former proprietors of the Tuxedo saloon,
charging them with permitting Joyce
Cannon, a girl 18 years old, to frequent
the place on July 13. Under the present
law a female under 21 years of age is not
permitted In a saloon. The former in
formation was quashed by Judge George
because Johnson and iMcGllnn were de
scribed as keepers of the saloon Instead
of owners and proprietors.
Both Plead Guilty and Are Fined.
Daisy Morrison, who stole $30 from Wil
liam Gray on -July 22, pleaded guilty In
the State Circuit Court yesterday and
was fined $25. Eunice St Clair,, who
passed .opium into the Cotmty .Jail to .May
loaves of the tomes which his self-denial
had supplied him.
None of these Inestimable advantages to
aspiring genius, I repeat, was enjoyed by
Mr. Goode. On the contrary, his three
meals a flay came with disgusting regular
ity, which, with a sufficiency of raiment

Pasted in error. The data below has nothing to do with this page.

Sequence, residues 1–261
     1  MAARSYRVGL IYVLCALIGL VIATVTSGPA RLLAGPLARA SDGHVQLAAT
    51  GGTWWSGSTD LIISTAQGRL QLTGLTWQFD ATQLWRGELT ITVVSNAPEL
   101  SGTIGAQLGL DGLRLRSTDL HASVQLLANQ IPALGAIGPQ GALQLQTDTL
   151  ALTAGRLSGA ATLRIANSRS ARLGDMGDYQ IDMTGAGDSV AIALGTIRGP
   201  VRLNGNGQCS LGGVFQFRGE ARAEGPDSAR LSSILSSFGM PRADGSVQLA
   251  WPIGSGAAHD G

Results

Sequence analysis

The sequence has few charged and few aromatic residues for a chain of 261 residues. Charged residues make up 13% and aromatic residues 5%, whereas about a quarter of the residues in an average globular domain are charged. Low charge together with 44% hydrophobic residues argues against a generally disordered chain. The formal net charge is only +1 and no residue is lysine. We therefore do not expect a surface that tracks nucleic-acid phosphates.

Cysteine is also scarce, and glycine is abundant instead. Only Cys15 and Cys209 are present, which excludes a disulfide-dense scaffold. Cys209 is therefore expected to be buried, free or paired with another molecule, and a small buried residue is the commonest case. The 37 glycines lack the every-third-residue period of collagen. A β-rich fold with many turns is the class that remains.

and education, his well-meaning but
thoughtless parents forced upon him. His
triumphs over these seemingly Insur
mountable obstacles Is a sermon In trum
pet tones upon the rewards of pluck and
President Goode's most Important duties
In connection with the Exposition are
dodging applicants for passes, and wel
coming in burning and impassioned elo
quence the delegations and conventions
that make the Fair their Mecca. This lat
ter duty Is trying. Indeed, as each' organi
zation fancies that its life story Is a
matter of common conversation, and con
sequently expects to hear all about Itself
from the Exposition's chief. That he has
met every requirement, from welcoming
the Igorrotes in their native tongue, to
extending the elated digit to the corset
makers' convention, with distinguished
success, goes without saying.
Mr. Goode also supports the renown
of having originated the celebrated ex
pression, "Let there be light," after which
utterance. It Is needless to record, thore
was forthwith illumination.
Williams, a colored woman who was a